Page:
If this doesn’t work, you’ll have to change your drive letters manually. We covered this in a previous post, Changing a Drive Letter, which covers the instructions for Windows NT, XP and Vista.

For Windows 7, the instructions are similar and to get to the Administrative Tools panel you click on the Start Button, select Control Panel and the Administrative Tools.

You may have to change the letter of whatever device is hogging the I: drive and then change the J: to I:. The drive will have to be plugged in for this to work properly.

These instructions should help you change the drive letter on a Windows 7 computer.


YouTube is not playing on my computer

June 3rd, 2011 Paul Wallbank Posted in software, Windows 7, Windows 95, Windows 98, Windows ME, Windows Vista, Windows XP No Comments »

When I try to play YouTube clips, I often get a blank screen. Why can’t I play these videos on my computer?

This is usually due to problems with the Adobe Flash software on the computer.

To fix it, first uninstall all the versions of Adobe Flash on the computer. Then run a computer cleanup on the system.

Once the clean up is finished, reboot your computer then reinstall Adobe Flash Player.

Another reboot and you should have fixed the problem.

I can’t see images in Internet Explorer

May 15th, 2011 Paul Wallbank Posted in Internet Explorer, Windows 7, Windows Vista, Windows XP No Comments »

When I surf the web using Internet Explorer, I can’t see any images and just get an empty box with a red X in it. How do I see my images?

You can turn images on in Internet Explorer by clicking the Options menu in Internet Explorer then choose the Advanced Tab and make sure the Show Pictures check box is ticked. Click Okay and you should find that resolves the problem.

If it doesn’t you may have a security program interfering or there may be an other setting you need to change, Microsoft go into some detail on this in their Pictures are not displayed on Web sites in Internet Explorer Knowledge Base post.

Should I use two anti-virus programs?

May 6th, 2011 Paul Wallbank Posted in A/V, security, Windows 7, Windows 95, Windows 98, Windows ME, Windows Vista, Windows XP 1 Comment »

Hi can you help me regarding internet security? I have McAfee security and also Microsoft Security Essentials? Do I need both and if not which one is best?

You don’t need two Internet security programs, one will be fine and having two or more security programs running on your system runs the risk of them interfering with each other.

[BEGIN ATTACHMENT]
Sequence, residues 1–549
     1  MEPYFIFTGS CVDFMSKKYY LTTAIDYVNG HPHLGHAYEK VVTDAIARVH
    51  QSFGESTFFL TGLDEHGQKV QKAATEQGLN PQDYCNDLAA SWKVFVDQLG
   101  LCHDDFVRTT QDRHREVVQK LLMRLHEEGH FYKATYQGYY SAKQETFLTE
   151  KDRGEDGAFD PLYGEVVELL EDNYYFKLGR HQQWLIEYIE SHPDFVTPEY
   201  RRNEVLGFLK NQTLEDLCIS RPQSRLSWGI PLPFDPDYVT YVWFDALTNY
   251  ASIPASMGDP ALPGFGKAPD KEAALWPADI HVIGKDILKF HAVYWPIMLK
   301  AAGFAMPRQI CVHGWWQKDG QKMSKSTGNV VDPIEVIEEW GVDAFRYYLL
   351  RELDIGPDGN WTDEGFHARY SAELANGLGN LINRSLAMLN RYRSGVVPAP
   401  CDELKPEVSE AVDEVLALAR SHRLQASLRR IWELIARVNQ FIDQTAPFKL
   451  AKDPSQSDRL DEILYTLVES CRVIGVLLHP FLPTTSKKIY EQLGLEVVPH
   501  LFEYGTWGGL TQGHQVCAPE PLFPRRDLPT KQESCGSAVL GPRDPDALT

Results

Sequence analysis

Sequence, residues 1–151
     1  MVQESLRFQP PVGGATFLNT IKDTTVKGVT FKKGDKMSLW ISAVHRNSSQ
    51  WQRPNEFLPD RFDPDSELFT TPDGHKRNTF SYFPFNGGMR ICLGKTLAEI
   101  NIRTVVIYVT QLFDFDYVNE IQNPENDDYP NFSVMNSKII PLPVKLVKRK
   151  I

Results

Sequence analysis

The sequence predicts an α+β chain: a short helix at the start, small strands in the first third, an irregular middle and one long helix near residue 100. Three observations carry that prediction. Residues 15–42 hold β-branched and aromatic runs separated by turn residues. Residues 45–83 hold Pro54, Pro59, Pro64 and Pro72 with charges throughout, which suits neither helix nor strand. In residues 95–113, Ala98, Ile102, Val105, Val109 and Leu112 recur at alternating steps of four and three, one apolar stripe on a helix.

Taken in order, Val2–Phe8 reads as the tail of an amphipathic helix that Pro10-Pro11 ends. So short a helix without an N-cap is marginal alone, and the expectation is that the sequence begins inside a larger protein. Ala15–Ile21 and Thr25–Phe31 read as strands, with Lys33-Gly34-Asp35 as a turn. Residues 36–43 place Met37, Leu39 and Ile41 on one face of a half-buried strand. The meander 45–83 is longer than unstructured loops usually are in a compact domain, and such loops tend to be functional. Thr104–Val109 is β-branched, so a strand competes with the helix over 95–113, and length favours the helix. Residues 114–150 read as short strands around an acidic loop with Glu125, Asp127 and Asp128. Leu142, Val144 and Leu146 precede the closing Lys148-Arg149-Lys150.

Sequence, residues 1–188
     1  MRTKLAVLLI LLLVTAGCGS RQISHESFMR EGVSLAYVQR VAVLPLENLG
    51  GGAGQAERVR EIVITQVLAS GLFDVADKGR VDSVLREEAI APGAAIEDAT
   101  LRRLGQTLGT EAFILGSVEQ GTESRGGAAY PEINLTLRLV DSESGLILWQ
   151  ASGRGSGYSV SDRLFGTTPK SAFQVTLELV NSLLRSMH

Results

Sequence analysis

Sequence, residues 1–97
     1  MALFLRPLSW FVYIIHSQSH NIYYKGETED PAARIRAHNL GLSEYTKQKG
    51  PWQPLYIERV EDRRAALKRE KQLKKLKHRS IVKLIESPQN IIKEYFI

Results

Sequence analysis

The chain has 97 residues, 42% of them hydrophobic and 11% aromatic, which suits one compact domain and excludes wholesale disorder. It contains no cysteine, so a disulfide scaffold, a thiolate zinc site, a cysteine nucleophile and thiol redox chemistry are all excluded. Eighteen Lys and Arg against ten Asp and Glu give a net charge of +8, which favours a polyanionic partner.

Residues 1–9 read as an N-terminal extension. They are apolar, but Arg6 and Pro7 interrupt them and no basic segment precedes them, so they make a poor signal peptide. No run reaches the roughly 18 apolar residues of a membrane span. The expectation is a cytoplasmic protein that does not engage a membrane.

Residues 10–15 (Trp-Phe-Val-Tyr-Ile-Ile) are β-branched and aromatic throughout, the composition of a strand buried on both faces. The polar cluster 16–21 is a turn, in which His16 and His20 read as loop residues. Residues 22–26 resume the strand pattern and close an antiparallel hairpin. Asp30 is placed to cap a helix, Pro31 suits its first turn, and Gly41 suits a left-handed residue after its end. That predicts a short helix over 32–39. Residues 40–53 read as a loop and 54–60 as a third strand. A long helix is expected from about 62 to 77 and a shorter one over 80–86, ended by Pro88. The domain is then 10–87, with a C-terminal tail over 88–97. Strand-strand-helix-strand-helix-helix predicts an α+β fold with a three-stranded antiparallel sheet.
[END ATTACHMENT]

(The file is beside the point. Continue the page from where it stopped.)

On balance, we’d recommend the Microsoft program simply because it uses a lot less of your computer’s resources than McAfee’s Internet security and anti-virus programs. The computer security companies also have the habit of stinging you with expensive upgrades every year or so.

We have a list of the free internet security programs available on our Four Free Anti-Virus Programs post. All of these software packages are fine for home use.

Should I keep Internet Explorer 8

February 25th, 2011 Paul Wallbank Posted in Internet Explorer, Windows 7, Windows Vista, Windows XP No Comments »

I decided to Uninstall Internet Explorer 8 from my computer and change to Firefox and Opera for my web browsers.  However, when going to uninstall IE8 it told me that I risk corrupting all the programs that I had loaded since installing IE8. Should I ignore the warning or simply leave IE8 unused on the computer? Thanks.

The warning is a bit over the top however, technically speaking, damaging some files or settings is a possibility (although that’s an indictment on Microsoft’s installation routines and Windows’ general susceptibility to mischief by rogue programs).

Internet Explorer 8 is probably the best of all the IE versions and Internet Explorer is critical to running a lot of basic Windows processes.

On balance, unless there’s something important on your computer that insists on running on an earlier Internet Explorer version, it’s best to leave IE8 on your system. We’ve listed the main four alternatives to IE previously and think all of them do a good job.

Defrag is reducing my hard drive space

January 22nd, 2011 Paul Wallbank Posted in Hardware, Windows 7, Windows 95, Windows 98, Windows ME, Windows Vista, Windows XP 1 Comment »

I’m defragmenting my hard disc and I’m noticing a strange situation here! before defragging my free space was 110Gb and now when its 31% defragged the free space is 92GB and its decreasing continuously.. any ideas about what I should do now??

Mechanical hard drives store data in blocks, which are like parking spaces in a car park. When Windows saves data onto a drive it “parks” the new information in the first available space and often will break up files bigger than a single block (which are most files) across different parts of the disk. This slows down the system when you want to open or save a file.

The Windows defrag program rearranges the data on your hard drive so all the bits in each file are parked next to each other, making the process a lot more efficient.

Because defrag has to shuffle the stored data on the hard drive, you’ll see the amount of free space available grow and shrink as it goes about figuring where the best place to put data is. It’s the same as when you reorganise a cupboard or workroom.

So don’t worry about it unless you find there is substantially less free space at the end of the process. If that does happen, check your drive for bad blocks or give your drive a clean up.